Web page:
"Magnetism," Visualizations of the Earth's electromagnetic field from real data... for the NASA MMS Mission and Rice University's Space Institute


As part of an immersive fulldome planetarium show that will premier at the Houston Museum of Natural History's Burke Baker Planetarium and then be distributed to planetariums worldwide, Home Run Pictures created imagery visualizing the Earth's electromagnetic field. Data acquired from the NASA's Magnetospheric Multiscale mission, four spacecraft orbiting in formation to allow them to gather 3D data snapshots of the magnetic field surrrounding our planet.

Our Solar System's Sun also has a very strong magnetic field and the intertwining of the Sun's field with the planets, including our Earth, creates a massive electromagnetic system with the solar wind pushing at planetary fields and creating space weather. On the Sun, the magnetic field controls the various prominences and other solar atmospheric disturbances such as erruptions called coronal mass ejections or CME's.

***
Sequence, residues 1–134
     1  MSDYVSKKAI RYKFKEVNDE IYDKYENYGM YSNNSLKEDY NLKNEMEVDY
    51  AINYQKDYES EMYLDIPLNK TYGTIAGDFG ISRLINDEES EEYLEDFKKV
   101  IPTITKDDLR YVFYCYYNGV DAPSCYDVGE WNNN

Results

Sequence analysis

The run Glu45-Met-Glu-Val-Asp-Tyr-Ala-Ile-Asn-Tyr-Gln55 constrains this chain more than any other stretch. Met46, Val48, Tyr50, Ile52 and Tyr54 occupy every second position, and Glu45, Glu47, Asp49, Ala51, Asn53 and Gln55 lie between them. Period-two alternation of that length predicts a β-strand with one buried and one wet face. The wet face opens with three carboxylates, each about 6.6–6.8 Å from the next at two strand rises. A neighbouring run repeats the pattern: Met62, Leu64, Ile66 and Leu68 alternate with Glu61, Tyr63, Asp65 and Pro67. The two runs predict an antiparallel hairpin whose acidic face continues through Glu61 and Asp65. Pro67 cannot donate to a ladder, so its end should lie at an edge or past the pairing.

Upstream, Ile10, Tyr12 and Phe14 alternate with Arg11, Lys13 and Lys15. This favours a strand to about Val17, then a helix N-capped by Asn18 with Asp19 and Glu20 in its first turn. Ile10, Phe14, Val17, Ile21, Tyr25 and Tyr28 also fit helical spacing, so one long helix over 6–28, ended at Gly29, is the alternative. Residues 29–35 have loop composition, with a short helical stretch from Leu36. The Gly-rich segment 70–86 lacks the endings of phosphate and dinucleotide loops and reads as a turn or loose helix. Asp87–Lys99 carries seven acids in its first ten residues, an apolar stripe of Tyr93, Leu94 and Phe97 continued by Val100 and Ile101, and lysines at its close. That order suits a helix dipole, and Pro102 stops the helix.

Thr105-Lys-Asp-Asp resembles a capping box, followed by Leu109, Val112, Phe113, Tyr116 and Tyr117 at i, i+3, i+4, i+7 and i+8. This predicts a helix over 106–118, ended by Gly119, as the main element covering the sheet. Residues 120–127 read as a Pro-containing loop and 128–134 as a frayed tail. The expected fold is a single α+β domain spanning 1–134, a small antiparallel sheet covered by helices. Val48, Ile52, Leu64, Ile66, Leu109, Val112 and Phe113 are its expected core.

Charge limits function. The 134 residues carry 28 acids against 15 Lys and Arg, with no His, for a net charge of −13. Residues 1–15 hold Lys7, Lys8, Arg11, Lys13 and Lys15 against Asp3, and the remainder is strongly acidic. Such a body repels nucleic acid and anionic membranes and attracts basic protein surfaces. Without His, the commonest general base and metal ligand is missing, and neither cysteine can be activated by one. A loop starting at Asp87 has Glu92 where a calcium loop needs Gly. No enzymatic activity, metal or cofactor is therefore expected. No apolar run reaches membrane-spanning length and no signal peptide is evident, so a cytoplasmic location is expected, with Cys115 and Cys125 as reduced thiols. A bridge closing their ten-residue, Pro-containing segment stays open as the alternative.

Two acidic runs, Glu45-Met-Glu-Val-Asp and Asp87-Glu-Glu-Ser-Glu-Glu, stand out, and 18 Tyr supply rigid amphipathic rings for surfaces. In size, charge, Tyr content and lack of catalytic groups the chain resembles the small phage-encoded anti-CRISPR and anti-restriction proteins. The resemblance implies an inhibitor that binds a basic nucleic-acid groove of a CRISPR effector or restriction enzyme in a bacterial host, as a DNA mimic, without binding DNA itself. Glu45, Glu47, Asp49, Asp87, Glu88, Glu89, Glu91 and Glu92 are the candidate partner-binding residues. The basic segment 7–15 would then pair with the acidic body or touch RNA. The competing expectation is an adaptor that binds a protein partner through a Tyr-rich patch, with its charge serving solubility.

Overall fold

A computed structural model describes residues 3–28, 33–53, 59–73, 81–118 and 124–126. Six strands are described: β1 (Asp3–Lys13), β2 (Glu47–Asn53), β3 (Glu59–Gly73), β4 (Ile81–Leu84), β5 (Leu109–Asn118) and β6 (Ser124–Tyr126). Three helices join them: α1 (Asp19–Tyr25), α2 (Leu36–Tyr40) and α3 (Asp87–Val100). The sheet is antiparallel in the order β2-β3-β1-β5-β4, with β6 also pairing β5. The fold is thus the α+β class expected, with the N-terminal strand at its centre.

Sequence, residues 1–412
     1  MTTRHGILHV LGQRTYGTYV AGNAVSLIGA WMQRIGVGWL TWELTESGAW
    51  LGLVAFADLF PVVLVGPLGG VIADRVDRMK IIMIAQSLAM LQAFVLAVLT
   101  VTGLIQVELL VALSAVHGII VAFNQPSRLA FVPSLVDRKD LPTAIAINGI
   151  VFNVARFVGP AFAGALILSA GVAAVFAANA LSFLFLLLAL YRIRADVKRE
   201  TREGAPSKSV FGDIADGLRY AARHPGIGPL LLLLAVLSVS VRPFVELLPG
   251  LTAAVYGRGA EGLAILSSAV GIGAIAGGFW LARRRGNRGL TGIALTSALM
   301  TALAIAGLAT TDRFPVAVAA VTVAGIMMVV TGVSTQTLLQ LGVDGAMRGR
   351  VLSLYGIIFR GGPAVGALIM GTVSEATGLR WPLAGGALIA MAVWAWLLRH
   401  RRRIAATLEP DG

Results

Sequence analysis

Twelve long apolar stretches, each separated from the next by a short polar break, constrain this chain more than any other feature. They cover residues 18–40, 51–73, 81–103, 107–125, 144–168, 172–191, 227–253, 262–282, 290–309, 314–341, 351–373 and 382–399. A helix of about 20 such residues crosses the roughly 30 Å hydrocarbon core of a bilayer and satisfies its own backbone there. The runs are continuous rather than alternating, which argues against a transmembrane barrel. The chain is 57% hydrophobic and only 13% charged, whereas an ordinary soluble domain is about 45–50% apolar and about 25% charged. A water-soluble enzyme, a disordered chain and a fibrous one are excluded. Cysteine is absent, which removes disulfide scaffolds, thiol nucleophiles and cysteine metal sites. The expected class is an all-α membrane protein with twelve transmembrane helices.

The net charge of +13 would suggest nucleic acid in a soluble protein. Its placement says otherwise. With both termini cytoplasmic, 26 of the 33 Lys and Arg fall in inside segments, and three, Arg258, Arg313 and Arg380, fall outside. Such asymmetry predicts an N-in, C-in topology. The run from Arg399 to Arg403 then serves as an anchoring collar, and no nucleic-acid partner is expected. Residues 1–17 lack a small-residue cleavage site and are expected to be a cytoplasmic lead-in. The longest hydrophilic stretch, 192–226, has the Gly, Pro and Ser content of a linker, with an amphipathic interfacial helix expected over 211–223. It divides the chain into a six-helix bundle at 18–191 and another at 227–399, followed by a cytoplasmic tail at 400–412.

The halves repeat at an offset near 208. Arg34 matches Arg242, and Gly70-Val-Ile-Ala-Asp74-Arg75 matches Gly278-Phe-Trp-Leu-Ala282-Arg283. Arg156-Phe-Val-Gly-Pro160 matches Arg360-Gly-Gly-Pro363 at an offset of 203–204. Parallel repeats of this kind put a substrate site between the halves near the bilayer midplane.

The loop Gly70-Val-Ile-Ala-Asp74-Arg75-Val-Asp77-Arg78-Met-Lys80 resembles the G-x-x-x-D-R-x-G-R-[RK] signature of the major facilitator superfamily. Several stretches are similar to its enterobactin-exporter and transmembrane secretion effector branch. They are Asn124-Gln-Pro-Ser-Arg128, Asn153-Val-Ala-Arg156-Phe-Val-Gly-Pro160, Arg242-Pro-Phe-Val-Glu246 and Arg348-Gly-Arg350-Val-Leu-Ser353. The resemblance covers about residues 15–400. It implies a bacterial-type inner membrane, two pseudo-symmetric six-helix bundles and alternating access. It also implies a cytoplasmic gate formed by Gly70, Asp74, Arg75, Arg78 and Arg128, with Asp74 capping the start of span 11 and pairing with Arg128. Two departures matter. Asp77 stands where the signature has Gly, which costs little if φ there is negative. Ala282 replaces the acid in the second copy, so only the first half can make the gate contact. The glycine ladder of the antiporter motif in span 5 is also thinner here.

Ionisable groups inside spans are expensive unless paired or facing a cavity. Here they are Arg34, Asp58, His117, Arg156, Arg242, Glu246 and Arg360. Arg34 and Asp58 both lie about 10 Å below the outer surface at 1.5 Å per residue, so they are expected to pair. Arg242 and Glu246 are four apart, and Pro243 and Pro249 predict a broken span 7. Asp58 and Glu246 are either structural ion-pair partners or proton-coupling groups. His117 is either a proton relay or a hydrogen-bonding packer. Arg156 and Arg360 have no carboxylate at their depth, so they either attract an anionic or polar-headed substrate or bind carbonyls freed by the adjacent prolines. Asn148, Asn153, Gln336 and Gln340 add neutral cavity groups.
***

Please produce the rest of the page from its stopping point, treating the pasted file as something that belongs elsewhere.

When a CME strikes the Earth, our electromagnetic field responds protecting our planet's surface from the energy and radiation contained in the plasma. Home Run Pictures' animators took real data points acquired by NASA and created visualiztions showing the field responding by flexing and "reconnecting" when the field lines were broken... acting as a shield and protecting life on the surface from harm.

The Earth's molten iron core's rotation creates the electromagnetic field and is similar in structure to the classic bar magnets used in science classrooms when discussing magnetism. Other planets also have magnetic fields. Some like the gas giants Jupiter and Saturn have massive fields that dwarf our Earth's.

During the reconnection process, some energy travels down the polar field lines and as it strikes the polar regions, creates beautiful aurora formations. These formations can be seen from the surface in the higher latitudes and because of its orbit, astronauts in the International Space Station at times pass over the beautiful displays.


The Space Institute at Rice University through a NASA grant provided a portion of the funding to create the visualizations and were the contact point for the real data used, translating the massive amount of data into a form that Home Run Pictures' animators could import into visual effects software. Since the acquired points represented snapshots, the data had to be interperlated into curves usable by the rendering applications, a time comsuming process to generate the seconds of animated visuals the 4K x 4K imagery used by the video systems projecting on to the planetarium dome to create an immersive experience for the audience.

A short video of the finished sequences can be viewed by clicking here

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